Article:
How Learning Another Language Helps Your Memory
Many of us probably agree that it’s pretty cool to know more than one language, and we can agree that it’d definitely come in handy when traveling abroad or communicating with others. However, did you know that it actually works wonders for your mind and memory as well?
If you’ve been needing a little push to make your New Year’s resolution learning another language, here it is.
Am I Too Old?
If you’re reluctant to start learning a new language because you think your chance has passed, you’ve missed the window and that you’re simply too old to learn, don’t write yourself off just yet. Science is proving that may not be the case.
Even if you’re not retaining the information as well as you once might have, you’re still exercising your brain. If you think about it, you’re never too old to give your mind a workout. All of this aids your cognitive reserve, which is basically how your brain functions despite aging, disease and other stressors.
According to Rosetta Stone, switching between two languages works the executive function of your brain that deals with planning and prioritizing, while learning the vocabulary and phrases will aid your decision-making skills and reasoning. This helps make you more productive in your daily life.
One study confirmed these findings by testing 262 people who were either 11 or in their 70s. The study found that the people who spoke at least two languages showed superior cognitive abilities. Sixty-five of the contestants had learned a second language after age 18, while 195 learned it prior to age 18, but both groups exhibited better brain functioning.
Warding off Alzheimer’s
This may be the biggest motivator for you to take up a second language. Despite not knowing all of the causes of Alzheimer’s disease, scientists are confident that keeping yourself mentally active could help in preventing it. As previously mentioned, one of the best ways to kick your brain into shape is through learning a second language.
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In 2011, a Canadian study discovered that people who spoke a second language didn’t display signs of Alzheimer’s disease until about five years after those who don’t speak a second language. They stated that bilingualism won’t necessarily stop the disease entirely, but it could certainly assist in slowing it down. Even just delaying Alzheimer’s existence in your life would allow you to stay productive longer, focusing your attention on what you want to be focusing on.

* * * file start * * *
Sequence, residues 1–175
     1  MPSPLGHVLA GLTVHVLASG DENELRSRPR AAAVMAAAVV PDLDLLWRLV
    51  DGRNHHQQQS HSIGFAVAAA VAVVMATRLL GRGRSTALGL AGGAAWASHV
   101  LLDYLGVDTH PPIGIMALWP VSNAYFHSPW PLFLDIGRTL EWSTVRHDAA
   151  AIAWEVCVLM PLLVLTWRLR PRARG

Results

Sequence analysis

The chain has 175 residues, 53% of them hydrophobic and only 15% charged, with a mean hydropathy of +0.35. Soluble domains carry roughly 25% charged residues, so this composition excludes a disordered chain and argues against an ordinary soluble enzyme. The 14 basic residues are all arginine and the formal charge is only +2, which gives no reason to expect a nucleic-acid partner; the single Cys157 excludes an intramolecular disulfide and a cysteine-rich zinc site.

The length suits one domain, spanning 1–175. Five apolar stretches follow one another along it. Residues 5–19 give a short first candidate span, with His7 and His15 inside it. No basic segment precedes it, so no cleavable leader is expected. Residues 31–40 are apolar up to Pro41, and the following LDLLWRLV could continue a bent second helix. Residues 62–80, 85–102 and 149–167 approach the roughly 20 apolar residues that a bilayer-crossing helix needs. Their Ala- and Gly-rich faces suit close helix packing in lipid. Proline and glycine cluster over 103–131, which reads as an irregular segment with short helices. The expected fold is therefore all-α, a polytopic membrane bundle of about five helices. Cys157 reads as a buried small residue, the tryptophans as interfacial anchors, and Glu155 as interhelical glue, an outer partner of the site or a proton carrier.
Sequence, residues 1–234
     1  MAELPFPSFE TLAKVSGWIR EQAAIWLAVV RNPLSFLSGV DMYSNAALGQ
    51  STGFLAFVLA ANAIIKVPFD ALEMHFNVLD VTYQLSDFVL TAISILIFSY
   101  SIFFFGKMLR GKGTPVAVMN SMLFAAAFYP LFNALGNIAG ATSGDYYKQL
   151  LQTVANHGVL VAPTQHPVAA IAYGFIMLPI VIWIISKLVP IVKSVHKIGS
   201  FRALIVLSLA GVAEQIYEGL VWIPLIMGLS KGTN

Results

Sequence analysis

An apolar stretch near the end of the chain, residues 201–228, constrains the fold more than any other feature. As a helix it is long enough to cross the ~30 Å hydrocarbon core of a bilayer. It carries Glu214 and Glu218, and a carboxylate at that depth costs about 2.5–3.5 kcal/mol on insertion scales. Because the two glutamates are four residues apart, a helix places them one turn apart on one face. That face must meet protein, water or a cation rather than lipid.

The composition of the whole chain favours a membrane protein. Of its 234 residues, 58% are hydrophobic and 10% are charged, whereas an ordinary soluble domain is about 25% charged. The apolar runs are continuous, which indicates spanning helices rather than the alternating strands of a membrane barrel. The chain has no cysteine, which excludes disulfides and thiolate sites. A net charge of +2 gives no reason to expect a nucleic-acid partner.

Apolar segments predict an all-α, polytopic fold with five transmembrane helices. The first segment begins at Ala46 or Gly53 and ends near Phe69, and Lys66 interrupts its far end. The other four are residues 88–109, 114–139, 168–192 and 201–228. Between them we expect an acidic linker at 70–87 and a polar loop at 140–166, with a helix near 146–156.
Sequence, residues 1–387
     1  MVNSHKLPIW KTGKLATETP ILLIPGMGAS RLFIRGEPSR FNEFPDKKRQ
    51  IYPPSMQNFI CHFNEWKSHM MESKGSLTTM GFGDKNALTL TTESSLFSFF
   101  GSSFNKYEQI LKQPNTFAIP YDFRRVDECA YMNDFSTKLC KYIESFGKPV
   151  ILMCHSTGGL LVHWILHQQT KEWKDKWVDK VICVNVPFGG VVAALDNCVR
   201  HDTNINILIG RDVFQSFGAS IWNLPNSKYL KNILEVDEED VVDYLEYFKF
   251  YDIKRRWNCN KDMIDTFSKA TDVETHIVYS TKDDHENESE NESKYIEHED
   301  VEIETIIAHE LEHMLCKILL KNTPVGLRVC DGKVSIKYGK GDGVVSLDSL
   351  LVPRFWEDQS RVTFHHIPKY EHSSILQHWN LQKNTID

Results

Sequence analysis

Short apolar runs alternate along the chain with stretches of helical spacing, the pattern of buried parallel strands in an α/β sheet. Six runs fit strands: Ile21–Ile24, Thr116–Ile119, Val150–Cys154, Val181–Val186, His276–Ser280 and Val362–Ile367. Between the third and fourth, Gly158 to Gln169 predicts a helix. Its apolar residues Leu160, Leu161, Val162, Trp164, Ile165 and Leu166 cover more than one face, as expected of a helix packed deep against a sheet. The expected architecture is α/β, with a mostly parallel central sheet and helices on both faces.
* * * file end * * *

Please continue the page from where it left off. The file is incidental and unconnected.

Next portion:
Get Your Mind Moving
In order to live the long and healthy lives that we strive for, we are constantly trying to improve our daily activities. For some of us this may mean practicing yoga and meditation, going to the gym regularly, eating right by cutting back on sugars and fat, and getting plenty of sleep. However, it’s important not to leave our brains out of the cycle. They also need to be kept fit and exercised all the time, maybe even more than our bodies. Transform your memory, attention, brain growth, perception and listening skills all by investing just a little in your brain.
With Rosetta Stone, you can choose from a CD-ROM, download or online subscription to fit your preferences. They’ll even allow you to try out a free demo on the site. Currently they’re offering their $499 package for only $199.
Maybe you’re not ready for such a commitment but would still like to play around with it in your spare time. A free app called Duolingo, available for both iPhone and Android users, may be just what you’re looking for. You can choose from tons of languages, it’s a lot of fun and it’s received rave reviews from The Wall Street Journal and TIME Magazine.
Regardless of the route you take to learning another language, the most important thing is that you start, because it’s never too late to improve your brain and your future.
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